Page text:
Needs Assessment

Overview

A needs assessment is a systematic investigation of audiences and issues. A successful needs assessment should identify the appropriate nature and content of future products, programs, and projects. A needs assessment provides information to help managers make the correct choices to create a desired or demanded change.

General Information

The term "needs assessment" has become strongly associated with education and instructional design. However, the same basic process is used to determine customer needs and wants for products and services. In business, the term used is "market research," with the target market for a product or service equivalent to the target audience for a class or other training. Needs analysis, market research, market analysis, and needs assessment are terms used somewhat interchangeably to describe this process. The goal of a needs assessment is to design an effective program, product, or service that addresses a group's needs and wants. Too often, people consider only one solution (a want) and discuss it as a need, when in truth what they really need will not be addressed. Effective questioning can reveal the need behind the want. However, it is important to remember that the "want" is often the best solution. Two things to remember:

Needs are gaps - the space between what currently exists and what should exist.
Wants are solutions - a proposed means to filling the gap.

There are twelve steps to performing a needs assessment, though not all steps are required in every instance. The complete list is outlined below:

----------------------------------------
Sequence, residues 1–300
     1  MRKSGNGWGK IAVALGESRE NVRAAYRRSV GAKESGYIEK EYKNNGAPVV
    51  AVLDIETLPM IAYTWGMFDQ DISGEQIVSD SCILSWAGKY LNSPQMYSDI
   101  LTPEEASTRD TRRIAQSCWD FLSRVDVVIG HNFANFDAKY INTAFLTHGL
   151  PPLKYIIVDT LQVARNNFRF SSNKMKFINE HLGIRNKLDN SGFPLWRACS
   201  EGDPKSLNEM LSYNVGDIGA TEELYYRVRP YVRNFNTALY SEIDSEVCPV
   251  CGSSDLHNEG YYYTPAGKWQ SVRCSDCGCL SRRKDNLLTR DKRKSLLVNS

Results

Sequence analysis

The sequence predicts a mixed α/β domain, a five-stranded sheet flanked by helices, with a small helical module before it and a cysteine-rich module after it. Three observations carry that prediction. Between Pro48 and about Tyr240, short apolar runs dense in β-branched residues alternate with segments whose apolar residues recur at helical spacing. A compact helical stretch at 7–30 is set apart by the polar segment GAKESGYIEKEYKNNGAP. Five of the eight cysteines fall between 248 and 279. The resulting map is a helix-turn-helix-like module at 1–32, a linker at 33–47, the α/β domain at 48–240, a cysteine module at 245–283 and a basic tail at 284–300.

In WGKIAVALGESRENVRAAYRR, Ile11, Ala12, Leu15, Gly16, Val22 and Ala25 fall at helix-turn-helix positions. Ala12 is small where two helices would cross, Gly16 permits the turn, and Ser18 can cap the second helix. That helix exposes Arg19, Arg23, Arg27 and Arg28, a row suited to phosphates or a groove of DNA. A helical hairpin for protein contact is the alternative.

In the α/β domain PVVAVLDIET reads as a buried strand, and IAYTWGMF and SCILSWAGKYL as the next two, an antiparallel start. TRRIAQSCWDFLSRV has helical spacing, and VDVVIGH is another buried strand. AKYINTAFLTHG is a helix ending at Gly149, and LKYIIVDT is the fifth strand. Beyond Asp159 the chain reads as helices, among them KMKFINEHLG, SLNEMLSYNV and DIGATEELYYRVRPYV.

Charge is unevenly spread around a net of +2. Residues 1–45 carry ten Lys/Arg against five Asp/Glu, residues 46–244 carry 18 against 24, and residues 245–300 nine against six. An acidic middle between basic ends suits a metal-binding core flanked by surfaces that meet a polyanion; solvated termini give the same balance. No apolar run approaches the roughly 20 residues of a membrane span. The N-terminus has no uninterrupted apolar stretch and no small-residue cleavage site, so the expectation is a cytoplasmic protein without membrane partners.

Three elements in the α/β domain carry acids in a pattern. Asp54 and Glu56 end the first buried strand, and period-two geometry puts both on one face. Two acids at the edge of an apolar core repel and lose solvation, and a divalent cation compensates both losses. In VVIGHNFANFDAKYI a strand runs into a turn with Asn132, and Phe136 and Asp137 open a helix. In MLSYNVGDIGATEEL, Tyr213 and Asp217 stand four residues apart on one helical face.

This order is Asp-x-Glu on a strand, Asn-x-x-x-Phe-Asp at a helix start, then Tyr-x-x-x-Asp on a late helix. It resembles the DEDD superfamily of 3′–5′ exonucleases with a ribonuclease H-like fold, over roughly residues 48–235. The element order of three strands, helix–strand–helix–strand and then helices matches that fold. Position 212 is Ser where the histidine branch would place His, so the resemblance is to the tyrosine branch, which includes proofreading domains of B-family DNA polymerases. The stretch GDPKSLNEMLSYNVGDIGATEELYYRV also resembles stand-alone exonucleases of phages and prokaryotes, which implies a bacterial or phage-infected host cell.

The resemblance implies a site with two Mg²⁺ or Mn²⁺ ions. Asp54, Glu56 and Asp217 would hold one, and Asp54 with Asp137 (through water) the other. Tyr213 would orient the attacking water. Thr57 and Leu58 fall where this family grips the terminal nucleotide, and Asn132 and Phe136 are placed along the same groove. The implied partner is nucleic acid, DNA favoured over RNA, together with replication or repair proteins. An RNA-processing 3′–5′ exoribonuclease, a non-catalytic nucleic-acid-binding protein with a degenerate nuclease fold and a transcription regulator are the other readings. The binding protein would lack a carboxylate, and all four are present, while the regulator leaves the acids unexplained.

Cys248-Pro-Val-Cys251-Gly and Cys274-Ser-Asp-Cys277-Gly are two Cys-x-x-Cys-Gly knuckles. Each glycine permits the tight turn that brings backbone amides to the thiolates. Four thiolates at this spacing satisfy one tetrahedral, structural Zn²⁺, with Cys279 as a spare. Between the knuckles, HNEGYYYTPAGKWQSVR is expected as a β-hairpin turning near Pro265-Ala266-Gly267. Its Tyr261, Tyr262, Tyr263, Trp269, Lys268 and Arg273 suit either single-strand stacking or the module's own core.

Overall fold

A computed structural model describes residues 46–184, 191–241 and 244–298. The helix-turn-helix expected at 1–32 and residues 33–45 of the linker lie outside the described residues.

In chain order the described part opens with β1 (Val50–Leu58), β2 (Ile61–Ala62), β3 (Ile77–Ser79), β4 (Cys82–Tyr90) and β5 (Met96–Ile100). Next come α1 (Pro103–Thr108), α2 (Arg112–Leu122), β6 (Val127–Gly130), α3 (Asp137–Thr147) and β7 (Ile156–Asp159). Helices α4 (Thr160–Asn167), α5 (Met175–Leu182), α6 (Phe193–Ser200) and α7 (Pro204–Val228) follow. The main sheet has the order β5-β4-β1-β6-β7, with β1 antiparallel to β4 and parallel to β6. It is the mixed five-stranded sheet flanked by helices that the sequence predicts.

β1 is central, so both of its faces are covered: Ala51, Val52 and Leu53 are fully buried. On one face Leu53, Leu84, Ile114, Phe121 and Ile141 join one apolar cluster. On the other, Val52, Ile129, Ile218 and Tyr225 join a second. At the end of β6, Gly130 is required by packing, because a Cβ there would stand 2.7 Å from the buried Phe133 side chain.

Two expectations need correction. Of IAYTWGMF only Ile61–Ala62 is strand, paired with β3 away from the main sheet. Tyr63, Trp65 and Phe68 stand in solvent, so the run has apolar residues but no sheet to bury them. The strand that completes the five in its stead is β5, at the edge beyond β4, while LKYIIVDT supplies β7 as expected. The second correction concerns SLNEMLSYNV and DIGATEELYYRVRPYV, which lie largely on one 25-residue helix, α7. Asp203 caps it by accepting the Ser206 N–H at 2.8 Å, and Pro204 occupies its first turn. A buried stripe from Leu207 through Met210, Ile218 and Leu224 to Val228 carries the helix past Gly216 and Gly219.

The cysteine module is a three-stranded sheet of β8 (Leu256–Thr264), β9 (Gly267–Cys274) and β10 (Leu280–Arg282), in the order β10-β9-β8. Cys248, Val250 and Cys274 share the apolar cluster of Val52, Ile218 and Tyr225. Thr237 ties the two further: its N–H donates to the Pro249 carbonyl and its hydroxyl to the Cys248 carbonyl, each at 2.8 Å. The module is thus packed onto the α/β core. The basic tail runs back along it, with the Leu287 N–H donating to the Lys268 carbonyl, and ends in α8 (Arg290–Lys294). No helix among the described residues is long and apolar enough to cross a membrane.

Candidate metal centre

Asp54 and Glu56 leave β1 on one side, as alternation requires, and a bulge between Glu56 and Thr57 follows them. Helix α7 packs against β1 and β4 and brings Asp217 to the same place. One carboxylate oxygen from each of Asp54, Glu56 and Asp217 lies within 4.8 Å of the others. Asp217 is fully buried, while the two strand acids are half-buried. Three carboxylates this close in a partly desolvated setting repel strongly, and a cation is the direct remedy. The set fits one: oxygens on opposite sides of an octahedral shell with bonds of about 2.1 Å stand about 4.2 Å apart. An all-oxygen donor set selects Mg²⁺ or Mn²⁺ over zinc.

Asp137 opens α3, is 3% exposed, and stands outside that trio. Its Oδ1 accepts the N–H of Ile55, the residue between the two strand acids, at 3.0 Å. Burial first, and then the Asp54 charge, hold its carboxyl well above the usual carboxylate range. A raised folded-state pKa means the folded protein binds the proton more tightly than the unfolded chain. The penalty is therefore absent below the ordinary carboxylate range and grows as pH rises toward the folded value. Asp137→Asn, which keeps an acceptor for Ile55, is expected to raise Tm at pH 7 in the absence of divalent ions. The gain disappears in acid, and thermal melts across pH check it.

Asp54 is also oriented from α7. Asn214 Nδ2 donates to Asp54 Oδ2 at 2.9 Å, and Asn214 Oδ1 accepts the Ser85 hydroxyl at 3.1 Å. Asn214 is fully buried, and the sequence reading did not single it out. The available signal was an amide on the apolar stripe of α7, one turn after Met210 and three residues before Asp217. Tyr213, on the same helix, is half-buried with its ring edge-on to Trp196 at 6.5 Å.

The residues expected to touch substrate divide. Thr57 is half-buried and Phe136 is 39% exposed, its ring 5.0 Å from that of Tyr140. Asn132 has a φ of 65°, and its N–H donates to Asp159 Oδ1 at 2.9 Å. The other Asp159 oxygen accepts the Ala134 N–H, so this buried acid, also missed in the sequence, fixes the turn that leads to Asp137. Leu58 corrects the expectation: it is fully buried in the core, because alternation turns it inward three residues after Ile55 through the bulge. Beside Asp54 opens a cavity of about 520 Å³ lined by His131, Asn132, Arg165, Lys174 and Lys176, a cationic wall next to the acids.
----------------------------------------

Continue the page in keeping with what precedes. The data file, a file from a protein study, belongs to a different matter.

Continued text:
• Confirm the Issues and Audience
  • Establish the Planning Team
  • Establish the Goals and Objectives
  • Characterize Your Audience
  • Conduct Information and Literature Search
  • Select Your Data Collection Methods
  • Determine Your Sampling Scheme
  • Design and Pilot the Collection Instrument
  • Gather and Report Data
  • Analyze Data
  • Manage Data
  • Synthesize Data and Create Report

Application

The needs assessment process described to this point is a thorough, comprehensive methodology that requires planning and specialized expertise, as well as rigorous analysis in both the development and data analysis phases. This takes both time and money that may not always be available or practical in every extension and education project. Sometimes managers know their audience well enough to skip the audience characterization step. For planning purposes, simple quantification of the data may be sufficient, and rigorous statistical analyses can be omitted. Although it may not always be practical to conduct every step of the needs assessment at a level that can result in publishable research-quality results, it is important that you know the risks associated with skipping, or abbreviating, any part of the needs assessment process.

Strengths

  • The needs assessment process provides a strong foundational basis on which to initiate new projects

  • Offers insight on specific knowledge, skills, attitudes, or behaviors that need to change